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Abu Dhabi, UAEWednesday 12 December 2018

Uprooted trees, houses crushed and flooding: Cuba feels the force of Irma 

It was the first time the eye of a Category 5 storm had made landfall in Cuba since 1932

Waves crash on to the streets of Havana, Cuba September 9, 2017. Reuters
Waves crash on to the streets of Havana, Cuba September 9, 2017. Reuters

Parts of Cuba are underwater after Hurricane Irma ploughed into the island's north coast.

People walked through ankle-deep water in Caibarien, a fishing town where streets were flooded and covered in seaweed. Elsewhere, winds of 256 kilometres per hour uprooted trees and utility polls, ripped the roofs apart and unleashed waves of up to seven metres.

It was the first time the eye of a Category 5 storm had made landfall in Cuba since 1932, state media said, and the island's Communist government ordered the evacuation of more than a million people from its path.

Irma made landfall on the island's Camaguey Archipelago late on Friday. Close to a million people, including about 4,000 from the capital, Havana have left their homes to stay with relatives or in shelters and the electricity supply cut as a precautionary measure.

"Oh God, this is going to destroy the town," said a local woman who identified herself only as Francis, 19. "The water was already at the corner near my house. By now it will be full of water," she said.

— Park benches torn up —

Ambulances and firefighters patrolled streets littered with hunks of roofs, power lines and tree branches cast down by strong winds. In one park, the wind tore up benches that had been screwed down into concrete. Local radio issued constant messages warning people not to leave their homes while the hurricane passed. Yet some still came out into the streets on bicycles to check on their friends and relatives.

Ramon Cobas, 72, and his wife Rosa, 64, sheltered six relatives in their house, one of the sturdiest buildings in the town. Fragments of glass from other buildings struck the house as they huddled inside.

"These winds are stronger than those of Kate," said Rosa, referring to the devastation wrought in 1985 by Hurricane Kate. "I'm afraid even this house will fall down. And I am afraid for the neighbours."

Residents were also afraid of flooding since the town has no storm drains in its streets.

— Serious damage —

A large part of the centre and east of the island was without power and though Havana, with its two million population, was forecast to receive just the tail-end of Irma, civil defence authorities placed it and two neighbouring provinces on maximum flood alert. Enormous waves lashed the Malecon, the capital's emblematic seafront, causing seawaters to wash some 250 metres into the city.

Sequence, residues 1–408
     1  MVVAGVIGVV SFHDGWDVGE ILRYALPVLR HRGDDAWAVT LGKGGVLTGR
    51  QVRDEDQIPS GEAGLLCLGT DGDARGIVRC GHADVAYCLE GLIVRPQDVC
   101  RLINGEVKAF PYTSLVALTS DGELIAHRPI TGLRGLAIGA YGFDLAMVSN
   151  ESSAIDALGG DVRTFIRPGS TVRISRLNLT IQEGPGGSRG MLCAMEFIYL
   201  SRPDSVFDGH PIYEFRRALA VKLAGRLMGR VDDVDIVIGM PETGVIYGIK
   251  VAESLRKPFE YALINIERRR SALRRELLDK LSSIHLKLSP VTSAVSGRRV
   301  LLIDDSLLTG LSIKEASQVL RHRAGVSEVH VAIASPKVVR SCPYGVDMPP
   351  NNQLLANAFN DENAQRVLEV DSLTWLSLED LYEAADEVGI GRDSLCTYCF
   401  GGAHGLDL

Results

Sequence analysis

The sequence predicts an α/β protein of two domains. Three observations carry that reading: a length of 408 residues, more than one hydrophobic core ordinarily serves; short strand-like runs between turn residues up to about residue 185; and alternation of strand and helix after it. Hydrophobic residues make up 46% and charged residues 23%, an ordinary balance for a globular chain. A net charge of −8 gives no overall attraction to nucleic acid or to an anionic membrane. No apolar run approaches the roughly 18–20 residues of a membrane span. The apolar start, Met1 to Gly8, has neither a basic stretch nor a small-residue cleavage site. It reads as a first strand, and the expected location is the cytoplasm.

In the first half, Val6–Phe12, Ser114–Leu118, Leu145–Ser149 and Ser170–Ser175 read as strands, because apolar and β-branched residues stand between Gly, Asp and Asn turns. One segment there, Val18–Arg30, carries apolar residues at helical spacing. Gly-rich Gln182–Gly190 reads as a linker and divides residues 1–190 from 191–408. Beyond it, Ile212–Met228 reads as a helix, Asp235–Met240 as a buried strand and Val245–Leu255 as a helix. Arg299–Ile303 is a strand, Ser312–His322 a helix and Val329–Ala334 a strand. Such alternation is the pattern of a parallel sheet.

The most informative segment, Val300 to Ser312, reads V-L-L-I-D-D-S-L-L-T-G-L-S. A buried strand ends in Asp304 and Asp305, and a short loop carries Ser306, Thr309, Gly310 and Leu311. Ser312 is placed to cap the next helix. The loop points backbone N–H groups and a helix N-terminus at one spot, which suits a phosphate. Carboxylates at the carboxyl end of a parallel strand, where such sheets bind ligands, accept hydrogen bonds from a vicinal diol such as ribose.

Leonor Herrera, 64, said the last time she witnessed waves in the city was during 2005's Hurricane Wilma, when the water "was up to our knees."

"At the moment, it's not so high, but there's times when it rises and you must run inside," she said.

Tourism minister Alexis Trujillo said authorities had evacuated 10,000 foreign tourists from all the hotels on the coast around Havana, a major destination for foreign tourists, and.

There were no confirmed casualties in Cuba, but the hurricane killed at least 25 people earlier on its path across the Caribbean.

Irma is expected to strike the Florida Keys early Sunday before moving up the mainland peninsula.

In Florida, a total of 6.3 million people, or about a third of the state's population, have been ordered to evacuate, including President Donald Trump's waterfront Mar-a-Lago estate in Palm Beach.

"This is a storm of enormous destructive power, and I ask everyone in the storm’s path to heed ALL instructions from government officials," Trump said on Twitter.

The bill for loss and damage could hit $120 billion (100 billion euros) in the United States and Caribbean, according to data modelling firm Enki Research.

Before slamming into Cuba, Irma had caused havoc in lush Caribbean resorts such as St. Martin, St. Barts, St. Thomas, Barbuda and Anguilla.

Many of Irma's victims fled their battered islands on ferries and fishing boats for fear Hurricane Jose would destroy or drench anything Irma left untouched, but Jose veered away before doing much more damage.

On the Dutch side of St. Martin, (known as St Maarten) an island divided between French and Dutch control, an estimated 70 per cent of the homes were destroyed by Irma, according to the Dutch government. Prime minister William Marlin said about 1,600 tourists had been evacuated and efforts were being made to move 1,200 more. Twenty-eight of the island's police officers lost their homes.

St Maarten saw widespread looting and robbery after Hurricane Irma but the Dutch navy said the security situation had improved thanks to patrols by marines and police flown to the island to help the local force.

Mr Marlin said many countries and people have offered help to St. Maarten, but authorities are still trying to determine the extent of damage to the island. The US state department helped more than 500 Americans fly out of St. Martin, starting with those in need of urgent medical care. Carol Basch, 53, a tourist from Savannah, Georgia, took refuge in the bathroom of her St. Martin hotel room after the storm windows shattered. She was evacuated to Puerto Rico.

"I'm glad I'm alive. I didn't think I was going to make it,." she said.

Hurricane warnings wee downgraded for Barbuda and Anguilla and discontinued for nearby Antigua.